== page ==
Testing an El84 Vacuum Tube with 9v Batteries

I  have always been interested in vacuum tube amplifiers, however the high voltages from the mains has always kept me from experimenting with them. About a year ago I played with an low power tube the 1t4 in a regenerative receiver.  The B+ was set to 45V powered from an array of 9v batteries.  I decided to revisit an old guitar amplifier project I started in high school using an EL84 power pentode.

The first part was to figure out a way to mount the tube so I could experiment with it. I found an small metal box that worked well for mounting the tube socket. I then took some wires from a broken ATX power supply and soldered them to the tube socket.

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After I had everything assembled I brought it to the test bench and wired up the test circuit below. I measured the current at the anode versus the voltage at the gate. I kept adding 9v batters to the B+ supply and noted the results.

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Below are the results I noted along with a graph. I also included the triode configuration graph from the original datasheet.

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So far the data looks consistent with the original datasheet for the tube in triode mode. The tube can sink a lot more current when VG2 is around 350V running in the full pentode configuration. Even with all 12 9V batteries I might be able to drive about 1watt of audio to a speaker. I was also surprised that the heater alone took around .7 amps at 6.3V. This is definitely not the most efficient way to drive a speaker I hope to get an proper impedance matching transformer so I can hear how it performers soon.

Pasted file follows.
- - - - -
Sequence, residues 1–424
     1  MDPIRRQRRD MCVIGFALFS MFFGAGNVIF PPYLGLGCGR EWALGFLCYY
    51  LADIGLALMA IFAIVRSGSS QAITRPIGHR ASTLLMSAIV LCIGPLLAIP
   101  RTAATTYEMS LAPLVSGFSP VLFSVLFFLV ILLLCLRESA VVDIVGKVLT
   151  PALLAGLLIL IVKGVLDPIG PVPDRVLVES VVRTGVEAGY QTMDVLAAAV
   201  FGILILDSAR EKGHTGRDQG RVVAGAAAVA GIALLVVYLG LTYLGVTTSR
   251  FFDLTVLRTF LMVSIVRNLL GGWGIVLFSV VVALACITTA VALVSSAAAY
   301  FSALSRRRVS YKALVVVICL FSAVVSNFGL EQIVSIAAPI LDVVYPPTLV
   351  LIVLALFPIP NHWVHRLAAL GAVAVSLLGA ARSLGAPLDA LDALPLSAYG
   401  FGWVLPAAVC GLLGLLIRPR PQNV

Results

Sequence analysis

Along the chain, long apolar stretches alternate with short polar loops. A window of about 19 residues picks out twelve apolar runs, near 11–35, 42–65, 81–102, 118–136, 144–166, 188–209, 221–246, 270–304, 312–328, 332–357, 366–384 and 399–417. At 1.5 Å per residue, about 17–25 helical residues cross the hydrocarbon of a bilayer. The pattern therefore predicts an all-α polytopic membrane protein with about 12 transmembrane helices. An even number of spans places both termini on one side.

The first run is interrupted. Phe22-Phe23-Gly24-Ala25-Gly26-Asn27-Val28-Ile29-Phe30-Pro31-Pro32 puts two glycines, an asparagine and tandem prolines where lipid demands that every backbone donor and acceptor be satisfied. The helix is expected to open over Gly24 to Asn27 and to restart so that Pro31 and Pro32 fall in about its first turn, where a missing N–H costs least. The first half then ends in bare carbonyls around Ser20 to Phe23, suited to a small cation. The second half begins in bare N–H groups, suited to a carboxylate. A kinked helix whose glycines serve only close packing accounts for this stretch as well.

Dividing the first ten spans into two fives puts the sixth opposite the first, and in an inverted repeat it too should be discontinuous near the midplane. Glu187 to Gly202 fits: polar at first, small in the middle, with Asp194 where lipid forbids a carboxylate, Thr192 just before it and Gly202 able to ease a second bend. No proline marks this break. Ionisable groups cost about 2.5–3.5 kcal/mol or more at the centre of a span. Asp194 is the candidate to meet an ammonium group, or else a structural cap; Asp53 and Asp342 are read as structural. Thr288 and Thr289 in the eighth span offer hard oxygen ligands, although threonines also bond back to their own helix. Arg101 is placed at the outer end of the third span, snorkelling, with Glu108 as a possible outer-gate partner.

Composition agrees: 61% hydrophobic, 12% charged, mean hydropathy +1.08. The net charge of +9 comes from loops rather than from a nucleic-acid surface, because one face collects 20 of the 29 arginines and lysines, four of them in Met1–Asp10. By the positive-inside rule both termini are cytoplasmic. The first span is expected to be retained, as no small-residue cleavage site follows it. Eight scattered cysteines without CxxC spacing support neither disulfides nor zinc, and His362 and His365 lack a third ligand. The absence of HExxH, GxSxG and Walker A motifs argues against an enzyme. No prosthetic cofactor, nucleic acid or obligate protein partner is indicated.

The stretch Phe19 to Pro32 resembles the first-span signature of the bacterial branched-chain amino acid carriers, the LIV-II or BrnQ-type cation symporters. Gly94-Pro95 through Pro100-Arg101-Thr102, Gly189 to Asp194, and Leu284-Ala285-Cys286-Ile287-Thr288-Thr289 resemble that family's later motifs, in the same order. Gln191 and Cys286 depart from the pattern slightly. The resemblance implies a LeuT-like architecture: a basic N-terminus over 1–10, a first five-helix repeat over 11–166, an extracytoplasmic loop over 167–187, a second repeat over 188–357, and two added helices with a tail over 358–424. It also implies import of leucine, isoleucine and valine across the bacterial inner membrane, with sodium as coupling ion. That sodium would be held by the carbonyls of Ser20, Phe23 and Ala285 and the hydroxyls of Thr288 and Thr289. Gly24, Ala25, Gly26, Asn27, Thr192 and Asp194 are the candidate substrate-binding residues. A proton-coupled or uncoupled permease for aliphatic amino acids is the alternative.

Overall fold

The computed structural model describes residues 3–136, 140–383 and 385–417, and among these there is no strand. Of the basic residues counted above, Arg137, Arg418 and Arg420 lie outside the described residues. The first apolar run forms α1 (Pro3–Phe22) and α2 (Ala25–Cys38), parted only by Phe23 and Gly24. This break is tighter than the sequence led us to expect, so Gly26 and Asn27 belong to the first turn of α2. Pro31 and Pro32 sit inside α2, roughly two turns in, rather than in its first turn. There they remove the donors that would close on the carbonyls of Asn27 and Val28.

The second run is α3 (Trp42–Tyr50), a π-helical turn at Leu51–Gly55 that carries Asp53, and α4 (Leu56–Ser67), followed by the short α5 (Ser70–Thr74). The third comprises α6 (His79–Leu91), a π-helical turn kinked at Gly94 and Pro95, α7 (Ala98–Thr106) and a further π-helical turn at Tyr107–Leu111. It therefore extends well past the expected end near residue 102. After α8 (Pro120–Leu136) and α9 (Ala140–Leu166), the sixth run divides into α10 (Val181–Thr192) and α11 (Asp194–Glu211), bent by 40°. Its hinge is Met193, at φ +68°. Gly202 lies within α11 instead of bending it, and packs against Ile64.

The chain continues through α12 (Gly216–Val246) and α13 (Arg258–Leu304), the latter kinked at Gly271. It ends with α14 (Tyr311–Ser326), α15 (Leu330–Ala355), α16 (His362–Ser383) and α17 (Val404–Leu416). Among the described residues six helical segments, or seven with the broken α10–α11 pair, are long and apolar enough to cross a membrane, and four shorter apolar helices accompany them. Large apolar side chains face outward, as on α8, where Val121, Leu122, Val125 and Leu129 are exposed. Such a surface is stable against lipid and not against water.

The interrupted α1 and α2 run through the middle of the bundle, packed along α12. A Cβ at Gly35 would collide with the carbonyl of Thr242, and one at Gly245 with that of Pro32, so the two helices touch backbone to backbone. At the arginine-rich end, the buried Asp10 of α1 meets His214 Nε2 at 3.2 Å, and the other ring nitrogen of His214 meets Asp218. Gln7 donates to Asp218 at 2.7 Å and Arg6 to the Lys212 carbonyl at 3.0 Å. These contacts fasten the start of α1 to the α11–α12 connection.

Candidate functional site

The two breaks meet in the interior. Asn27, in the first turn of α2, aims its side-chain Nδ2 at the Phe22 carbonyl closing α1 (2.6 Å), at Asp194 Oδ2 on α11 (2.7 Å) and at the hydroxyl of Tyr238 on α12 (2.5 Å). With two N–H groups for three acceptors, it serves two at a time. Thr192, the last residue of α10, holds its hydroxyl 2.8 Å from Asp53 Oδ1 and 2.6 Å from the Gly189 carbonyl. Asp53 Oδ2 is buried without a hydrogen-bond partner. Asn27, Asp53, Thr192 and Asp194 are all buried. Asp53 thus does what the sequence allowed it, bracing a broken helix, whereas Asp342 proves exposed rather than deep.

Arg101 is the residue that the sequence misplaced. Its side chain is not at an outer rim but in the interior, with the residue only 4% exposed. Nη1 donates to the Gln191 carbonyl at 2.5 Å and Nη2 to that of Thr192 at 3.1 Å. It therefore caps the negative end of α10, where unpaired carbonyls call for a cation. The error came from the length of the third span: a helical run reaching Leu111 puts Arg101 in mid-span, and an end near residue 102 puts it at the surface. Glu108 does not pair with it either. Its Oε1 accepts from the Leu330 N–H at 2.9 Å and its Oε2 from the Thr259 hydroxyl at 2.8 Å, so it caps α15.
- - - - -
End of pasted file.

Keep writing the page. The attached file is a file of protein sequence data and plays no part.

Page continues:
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One Response to Testing an El84 Vacuum Tube with 9v Batteries

  1. Occulist says:

    You are correct, tubes are not very efficient. That was why so few are in use today. But some of the attraction for people to construct tube amps today is the sound quality. The differences are subtle in many ways, however there are significant toanl differences between solid state and vacant state when it comes to guitar amps and synthesizers. Overdriving a solid state preamp stage produces a tone quality that is harsh; overdrive a tube preamp and you get an effect people like to duplicate.

    There is something to be said for an amplifier or a radio for that matter that glows in the dark by it’s own internal light and you will rarely find a radio as sensitive as a tube radio with a decent antenna.

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